The IMD’s ‘long period’ is 1951-2000 and the department considers probabilities for the country (all-India) and four major regions: north-west India, central India, north-east India and south peninsula. “Over the four broad geographical regions of the country, rainfall for the 2011 Southwest Monsoon Season is likely to be 97% of its LPA over North-West India, 95% of its LPA over North-East India, 95% of its LPA over Central India and 94% of its LPA over South Peninsula, all with a model error of ± 8 %.”

The IMD also employs a six-parameter statistical forecasting system to prepare probability forecasts for five pre-defined rainfall categories. These are deficient (less than 90% of LPA), below normal (90-96% of LPA), normal (96-104% of LPA), above normal (104-110% of LPA) and excess (above 110% of LPA). The forecasted probabilities for the 2011 southwest monsoon season based on this system in percentage for the above 5 categories are 19%, 37%, 37%, 6% and 1%
respectively.

The department’s ‘Summary of the Update Forecasts for 2011 Southwest Monsoon Rainfall’ has said:

(1) Rainfall over the country as a whole for the 2011 southwest monsoon season (June to September) is most likely to be below normal (90-96% of LPA). Quantitatively, monsoon season rainfall for the country as a whole is likely to be 95% of the long period average with a model error of ±4%. The Long period average rainfall over the country as a whole for the period 1951-2000 is 89 cm.

(2) Rainfall over the country as a whole in the month of July 2011 is likely to be 93% of its LPA and that in the month of August is likely to be 94% of LPA both with a model error of ± 9 %.

(3) Over the four broad geographical regions of the country, rainfall for the 2011 Southwest Monsoon Season is likely to be 97% of its LPA over North-West India, 95% of its LPA over North-East India, 95% of its LPA over Central India and 94% of its LPA over South Peninsula, all with a model error of ± 8 %.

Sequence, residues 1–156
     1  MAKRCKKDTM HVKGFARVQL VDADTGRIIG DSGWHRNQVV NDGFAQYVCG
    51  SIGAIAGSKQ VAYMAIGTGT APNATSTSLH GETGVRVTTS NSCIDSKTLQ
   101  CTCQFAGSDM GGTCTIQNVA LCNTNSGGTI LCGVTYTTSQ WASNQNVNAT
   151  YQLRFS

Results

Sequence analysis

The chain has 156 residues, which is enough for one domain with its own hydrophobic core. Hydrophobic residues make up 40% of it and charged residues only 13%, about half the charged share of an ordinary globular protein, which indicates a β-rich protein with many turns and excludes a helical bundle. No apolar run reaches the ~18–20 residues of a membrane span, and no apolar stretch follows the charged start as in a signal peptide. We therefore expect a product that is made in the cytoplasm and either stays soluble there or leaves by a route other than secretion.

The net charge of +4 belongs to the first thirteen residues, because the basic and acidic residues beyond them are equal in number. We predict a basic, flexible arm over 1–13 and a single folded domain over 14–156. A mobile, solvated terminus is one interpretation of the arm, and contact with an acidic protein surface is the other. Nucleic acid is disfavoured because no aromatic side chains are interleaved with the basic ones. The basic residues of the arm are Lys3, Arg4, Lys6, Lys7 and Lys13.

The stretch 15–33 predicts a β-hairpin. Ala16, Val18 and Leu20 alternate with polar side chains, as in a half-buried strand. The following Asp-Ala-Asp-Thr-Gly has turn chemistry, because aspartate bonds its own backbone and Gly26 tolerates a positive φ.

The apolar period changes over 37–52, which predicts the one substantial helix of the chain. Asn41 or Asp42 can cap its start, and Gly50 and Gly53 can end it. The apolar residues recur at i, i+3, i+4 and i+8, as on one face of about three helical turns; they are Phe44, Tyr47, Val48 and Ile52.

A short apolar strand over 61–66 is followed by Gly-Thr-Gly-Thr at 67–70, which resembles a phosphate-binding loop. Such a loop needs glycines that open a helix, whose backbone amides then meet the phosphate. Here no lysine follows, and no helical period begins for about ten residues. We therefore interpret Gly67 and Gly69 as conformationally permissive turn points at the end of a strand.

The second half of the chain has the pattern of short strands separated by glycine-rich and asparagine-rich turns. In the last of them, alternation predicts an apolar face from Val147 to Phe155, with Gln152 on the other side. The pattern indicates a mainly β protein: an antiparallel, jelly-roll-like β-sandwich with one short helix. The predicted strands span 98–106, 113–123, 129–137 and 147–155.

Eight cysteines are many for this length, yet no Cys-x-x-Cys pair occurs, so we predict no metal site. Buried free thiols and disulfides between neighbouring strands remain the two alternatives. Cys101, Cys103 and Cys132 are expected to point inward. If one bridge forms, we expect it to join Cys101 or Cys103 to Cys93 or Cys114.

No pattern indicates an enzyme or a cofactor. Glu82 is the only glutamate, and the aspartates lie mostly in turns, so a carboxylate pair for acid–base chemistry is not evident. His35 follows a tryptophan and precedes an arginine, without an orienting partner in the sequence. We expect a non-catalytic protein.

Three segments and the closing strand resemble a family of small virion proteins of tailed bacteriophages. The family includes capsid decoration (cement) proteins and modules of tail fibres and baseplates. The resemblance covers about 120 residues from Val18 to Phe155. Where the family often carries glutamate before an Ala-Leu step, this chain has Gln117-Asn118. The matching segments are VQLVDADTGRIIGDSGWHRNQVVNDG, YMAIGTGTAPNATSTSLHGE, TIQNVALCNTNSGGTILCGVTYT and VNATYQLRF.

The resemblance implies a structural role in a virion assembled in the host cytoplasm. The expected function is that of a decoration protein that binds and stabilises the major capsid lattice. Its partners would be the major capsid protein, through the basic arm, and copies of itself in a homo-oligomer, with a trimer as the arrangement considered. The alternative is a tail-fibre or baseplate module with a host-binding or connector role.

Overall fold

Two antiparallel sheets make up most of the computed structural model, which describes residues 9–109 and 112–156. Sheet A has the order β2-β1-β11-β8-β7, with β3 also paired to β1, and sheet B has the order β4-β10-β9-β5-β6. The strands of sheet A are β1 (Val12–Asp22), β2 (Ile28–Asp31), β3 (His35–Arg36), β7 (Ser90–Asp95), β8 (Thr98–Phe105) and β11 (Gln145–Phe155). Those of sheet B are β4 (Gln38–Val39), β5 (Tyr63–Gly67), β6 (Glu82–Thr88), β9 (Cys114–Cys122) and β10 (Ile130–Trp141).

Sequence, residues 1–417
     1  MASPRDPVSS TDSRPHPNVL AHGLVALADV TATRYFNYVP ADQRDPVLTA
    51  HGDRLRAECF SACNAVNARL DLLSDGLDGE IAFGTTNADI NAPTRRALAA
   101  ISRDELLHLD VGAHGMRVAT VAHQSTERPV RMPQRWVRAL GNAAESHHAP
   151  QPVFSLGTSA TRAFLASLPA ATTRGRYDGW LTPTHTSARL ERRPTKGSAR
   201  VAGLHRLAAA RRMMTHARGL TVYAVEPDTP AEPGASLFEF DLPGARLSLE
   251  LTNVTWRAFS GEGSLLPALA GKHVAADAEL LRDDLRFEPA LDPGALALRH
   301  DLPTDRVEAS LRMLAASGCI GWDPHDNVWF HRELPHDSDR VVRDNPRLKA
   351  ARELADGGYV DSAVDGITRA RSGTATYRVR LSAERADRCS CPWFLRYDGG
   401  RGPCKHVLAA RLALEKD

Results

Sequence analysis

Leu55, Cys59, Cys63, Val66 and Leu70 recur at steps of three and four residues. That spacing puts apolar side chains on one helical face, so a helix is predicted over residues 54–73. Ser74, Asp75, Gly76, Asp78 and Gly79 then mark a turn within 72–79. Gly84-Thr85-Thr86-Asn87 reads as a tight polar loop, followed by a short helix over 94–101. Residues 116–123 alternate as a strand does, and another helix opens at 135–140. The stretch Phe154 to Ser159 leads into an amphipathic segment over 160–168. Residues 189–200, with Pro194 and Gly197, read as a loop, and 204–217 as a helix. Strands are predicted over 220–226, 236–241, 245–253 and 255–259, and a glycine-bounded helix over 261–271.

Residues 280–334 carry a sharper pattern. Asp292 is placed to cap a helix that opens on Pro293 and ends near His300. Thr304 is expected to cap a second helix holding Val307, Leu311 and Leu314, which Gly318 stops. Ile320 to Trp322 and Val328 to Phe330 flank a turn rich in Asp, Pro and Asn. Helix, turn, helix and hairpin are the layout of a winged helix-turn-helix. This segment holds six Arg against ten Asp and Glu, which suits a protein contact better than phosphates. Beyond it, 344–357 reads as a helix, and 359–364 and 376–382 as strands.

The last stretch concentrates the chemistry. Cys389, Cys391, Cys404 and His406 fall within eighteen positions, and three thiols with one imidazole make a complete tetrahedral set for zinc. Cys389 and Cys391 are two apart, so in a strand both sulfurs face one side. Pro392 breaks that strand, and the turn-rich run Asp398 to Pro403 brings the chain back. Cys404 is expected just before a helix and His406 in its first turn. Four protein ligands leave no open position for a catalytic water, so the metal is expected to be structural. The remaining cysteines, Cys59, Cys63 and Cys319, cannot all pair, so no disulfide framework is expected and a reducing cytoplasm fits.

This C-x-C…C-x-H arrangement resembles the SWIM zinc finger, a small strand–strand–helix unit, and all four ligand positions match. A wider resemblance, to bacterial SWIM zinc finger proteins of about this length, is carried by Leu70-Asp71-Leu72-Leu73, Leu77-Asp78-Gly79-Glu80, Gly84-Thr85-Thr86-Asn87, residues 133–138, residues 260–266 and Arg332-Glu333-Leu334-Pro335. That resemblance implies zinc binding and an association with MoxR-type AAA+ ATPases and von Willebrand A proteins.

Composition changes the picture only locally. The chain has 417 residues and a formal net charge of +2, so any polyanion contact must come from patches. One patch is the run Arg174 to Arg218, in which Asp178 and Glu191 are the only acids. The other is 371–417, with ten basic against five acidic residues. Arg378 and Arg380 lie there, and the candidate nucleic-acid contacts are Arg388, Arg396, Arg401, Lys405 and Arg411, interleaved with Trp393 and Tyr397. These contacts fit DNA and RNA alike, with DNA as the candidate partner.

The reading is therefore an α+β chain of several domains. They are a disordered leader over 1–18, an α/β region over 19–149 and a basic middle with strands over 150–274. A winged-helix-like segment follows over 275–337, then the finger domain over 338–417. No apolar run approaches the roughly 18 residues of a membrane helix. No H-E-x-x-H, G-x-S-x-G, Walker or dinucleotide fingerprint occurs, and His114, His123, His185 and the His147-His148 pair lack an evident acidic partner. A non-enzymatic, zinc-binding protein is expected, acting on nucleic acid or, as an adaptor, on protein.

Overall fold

According to Reuters, government officials played down concerns that lower rainfall could fan inflation and dampen growth. “There is no need to press the panic button, as June rains are still above normal,” said Shailesh Nayak, the top civil servant in the ministry of earth sciences which controls the country’s weather office.

While rains could be slightly lower than normal in July, India’s chief forecaster said distribution was key. “There are chances the monsoon will pick up after July 15 once it covers the entire country,” said D. Sivananda Pai, director at the state-run National Climate Center. “Don’t go by the numbers, it is the distribution (of the rains) which we are still hoping to be good.” The weather office predicted 27 centimetres of rain in July compared with long-term average rainfall of 29 centimetres, and rains at 24 centimetres in August, when seeds start maturing, compared with long-term averages of 26 centimetres.

Weather office chief Ajit Tyagi remained optimistic. “Ninety five percent is a good forecast,” Tyagi said. “Had it been 90% of the long-term average then it would have been a cause for concern,” he said, adding that in the past slightly below normal monsoon rains had also seen adequate farm output because they were well distributed in the major crop growing regions.

Explaining climatic conditions over the equatorial Pacific and Indian Oceans, the department’s second long range said moderate to strong La Nina conditions that prevailed in the equatorial Pacific during mid-August 2010 to early February 2011 weakened during subsequent months and dissipated to neutral conditions around mid-May 2011. The latest forecasts from a majority of the dynamical and statistical models indicate strong probability for the present ENSO-neutral conditions to continue during the current monsoon season and the remaining part of 2011.

It is important to note that in addition to El Niño and La Niña events, other factors such as the Indian Ocean Sea surface temperatures (SSTs) have also significant influence on India monsoon. However, the latest forecasts do not suggest development of either a positive or a negative Indian Ocean Dipole event during the 2011 monsoon season. In the absence of strong monsoon forcing from both Pacific and Indian Oceans, intraseasonal variation may become more crucial during this southwest monsoon season and lead to increased uncertainty in the monsoon forecasts.